Street Renaissance

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I went to the Urban Center (at the Municipal Art Society) to see the New York City Streets Renaissance “exhibit,” an undertaking of The Open Planning Project. I don’t recommend making the trip, as it’s mostly just text and pictures posted on the wall with some video clips, all of which are available online. That’s not to say the project itself isn’t worthy, but the gist of it can be had by clicking over to NYCSR. One of the better videos is about Hell’s Kitchen under seige by traffic. But the best video is about how neighborhood activists forced DOT to redesign Canal Park, a triangular plot of land in Tribeca, and rerouted traffic entering the Holland Tunnel. The video really shows how these efforts can be a win-win for everyone: traffic flow is far better, pedestrians are no longer being run down, and the neighborhood gets a lovely park space.

The above photos are of Astor Square, as is and reimagined (click to enlarge the photos, and check out how they surrounded The Cube with seating and moved it to the north so it’s the first thing you see when you come out of the Astor Pl. subway station). Having criss-crossed this area hundreds of times, including the traffic island where The Cube currently is, I can attest to the fact that this is not a well designed space. NYCSR points out that Astor Square is an important transition area between one neighborhood and another (Greenwich Village and the East Village), and yet it’s a dead zone. And it really is.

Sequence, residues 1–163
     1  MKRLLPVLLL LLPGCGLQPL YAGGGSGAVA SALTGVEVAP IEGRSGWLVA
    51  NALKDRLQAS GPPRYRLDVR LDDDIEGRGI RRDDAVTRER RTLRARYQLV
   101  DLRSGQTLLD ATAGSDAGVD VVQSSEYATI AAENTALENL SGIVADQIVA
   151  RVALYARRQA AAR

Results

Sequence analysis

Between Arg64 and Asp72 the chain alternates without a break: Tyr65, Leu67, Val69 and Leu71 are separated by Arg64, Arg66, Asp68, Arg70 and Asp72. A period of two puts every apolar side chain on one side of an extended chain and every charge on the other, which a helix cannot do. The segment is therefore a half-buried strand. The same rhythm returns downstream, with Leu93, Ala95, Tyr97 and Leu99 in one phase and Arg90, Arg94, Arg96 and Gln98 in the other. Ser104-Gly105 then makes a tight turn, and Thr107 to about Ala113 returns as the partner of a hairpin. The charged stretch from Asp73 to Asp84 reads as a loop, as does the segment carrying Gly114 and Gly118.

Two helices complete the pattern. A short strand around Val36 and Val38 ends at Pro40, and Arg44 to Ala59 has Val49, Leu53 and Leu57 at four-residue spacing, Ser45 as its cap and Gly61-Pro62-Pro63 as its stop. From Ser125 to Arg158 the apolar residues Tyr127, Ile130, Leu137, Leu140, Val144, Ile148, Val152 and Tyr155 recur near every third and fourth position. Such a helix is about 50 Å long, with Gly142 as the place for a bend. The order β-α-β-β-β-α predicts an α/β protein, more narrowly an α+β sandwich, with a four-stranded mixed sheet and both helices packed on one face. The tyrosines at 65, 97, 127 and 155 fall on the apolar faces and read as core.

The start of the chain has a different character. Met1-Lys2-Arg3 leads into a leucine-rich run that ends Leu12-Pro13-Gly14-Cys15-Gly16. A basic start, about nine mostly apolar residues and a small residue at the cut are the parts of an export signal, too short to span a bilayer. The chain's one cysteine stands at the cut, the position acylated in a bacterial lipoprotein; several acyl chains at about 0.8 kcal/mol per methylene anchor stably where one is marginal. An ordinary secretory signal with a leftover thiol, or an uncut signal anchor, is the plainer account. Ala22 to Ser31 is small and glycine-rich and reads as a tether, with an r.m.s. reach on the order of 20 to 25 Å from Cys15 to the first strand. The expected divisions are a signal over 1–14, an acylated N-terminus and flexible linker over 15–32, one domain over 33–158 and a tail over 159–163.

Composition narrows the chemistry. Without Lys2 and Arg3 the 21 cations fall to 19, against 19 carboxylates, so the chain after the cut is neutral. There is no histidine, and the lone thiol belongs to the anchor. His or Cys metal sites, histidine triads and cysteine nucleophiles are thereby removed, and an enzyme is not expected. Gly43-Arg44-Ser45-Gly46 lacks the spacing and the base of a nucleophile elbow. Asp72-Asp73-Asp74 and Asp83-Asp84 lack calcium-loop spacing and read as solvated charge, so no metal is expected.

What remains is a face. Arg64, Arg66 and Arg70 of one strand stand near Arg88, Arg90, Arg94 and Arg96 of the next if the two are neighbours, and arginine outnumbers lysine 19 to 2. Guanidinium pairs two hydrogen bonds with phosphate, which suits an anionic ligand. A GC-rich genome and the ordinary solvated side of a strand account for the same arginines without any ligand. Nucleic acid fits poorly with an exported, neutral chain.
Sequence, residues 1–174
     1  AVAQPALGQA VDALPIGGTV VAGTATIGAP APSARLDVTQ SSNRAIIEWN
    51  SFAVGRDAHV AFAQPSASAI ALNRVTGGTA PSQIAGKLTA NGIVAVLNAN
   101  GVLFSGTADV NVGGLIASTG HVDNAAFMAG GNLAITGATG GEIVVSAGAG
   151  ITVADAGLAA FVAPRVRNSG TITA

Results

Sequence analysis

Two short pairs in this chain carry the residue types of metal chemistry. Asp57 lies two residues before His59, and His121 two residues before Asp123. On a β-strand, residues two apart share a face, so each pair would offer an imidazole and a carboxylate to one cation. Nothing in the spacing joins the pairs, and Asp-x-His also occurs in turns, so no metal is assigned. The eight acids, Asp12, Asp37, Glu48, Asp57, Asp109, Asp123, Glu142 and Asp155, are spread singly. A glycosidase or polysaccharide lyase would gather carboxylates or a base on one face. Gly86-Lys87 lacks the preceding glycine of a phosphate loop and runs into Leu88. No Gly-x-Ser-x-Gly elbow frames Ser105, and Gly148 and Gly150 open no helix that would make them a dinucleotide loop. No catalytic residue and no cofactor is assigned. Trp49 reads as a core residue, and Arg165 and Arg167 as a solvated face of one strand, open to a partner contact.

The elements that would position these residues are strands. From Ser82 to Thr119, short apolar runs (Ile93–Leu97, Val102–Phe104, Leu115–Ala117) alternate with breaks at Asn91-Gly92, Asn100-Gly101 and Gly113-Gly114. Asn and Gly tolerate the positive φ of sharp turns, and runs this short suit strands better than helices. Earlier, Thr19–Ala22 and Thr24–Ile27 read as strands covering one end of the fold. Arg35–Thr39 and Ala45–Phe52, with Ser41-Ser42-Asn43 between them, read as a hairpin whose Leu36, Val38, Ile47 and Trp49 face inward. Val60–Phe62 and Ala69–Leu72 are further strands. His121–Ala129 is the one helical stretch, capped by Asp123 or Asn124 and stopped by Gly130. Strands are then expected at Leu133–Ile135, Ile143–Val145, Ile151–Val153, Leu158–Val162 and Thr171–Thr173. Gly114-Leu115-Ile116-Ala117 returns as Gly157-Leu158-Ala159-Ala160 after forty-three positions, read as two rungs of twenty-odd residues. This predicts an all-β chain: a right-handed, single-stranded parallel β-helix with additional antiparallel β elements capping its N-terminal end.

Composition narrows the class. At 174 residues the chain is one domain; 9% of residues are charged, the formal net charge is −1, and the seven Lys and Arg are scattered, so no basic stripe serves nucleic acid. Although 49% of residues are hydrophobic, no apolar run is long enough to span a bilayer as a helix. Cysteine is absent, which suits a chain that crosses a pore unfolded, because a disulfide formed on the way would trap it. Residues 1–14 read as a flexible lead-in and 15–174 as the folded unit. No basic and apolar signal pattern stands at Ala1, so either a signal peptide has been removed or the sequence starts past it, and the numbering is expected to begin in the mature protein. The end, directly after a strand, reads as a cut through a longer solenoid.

My criticism is that many of the design recommendations start to look the same … umbrella seating here, there and everywhere.
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The Astor Square redesign is probably the most detailed, but many of the other recommendations seem to be just about widening the sidewalk and reducing the space allocated to cars and trucks. There must be some cost-benefit analysis here about how reducing all this traffic space would affect the commerce of the city.

The other thing is, and I’m certainly not one to pooh-pooh streetscaping improvements, but there does come a point where prettying things up too much kills a neighborhood’s spirit. St. Marks Pl., for example, between 2nd and 3rd Avenues (the block I live on), is infuriating to walk on with all the kiosks and tourists and punk kids and drug addicts. But it’s St. Marks Place! What would living in the E.Vil. be if you weren’t infuriated on occassion? So, sure, let’s fix the dead zone that is Astor Square. But the litmus test, as I see it, is whether or not a space is actually dead or just “unattractive” to some eyes.

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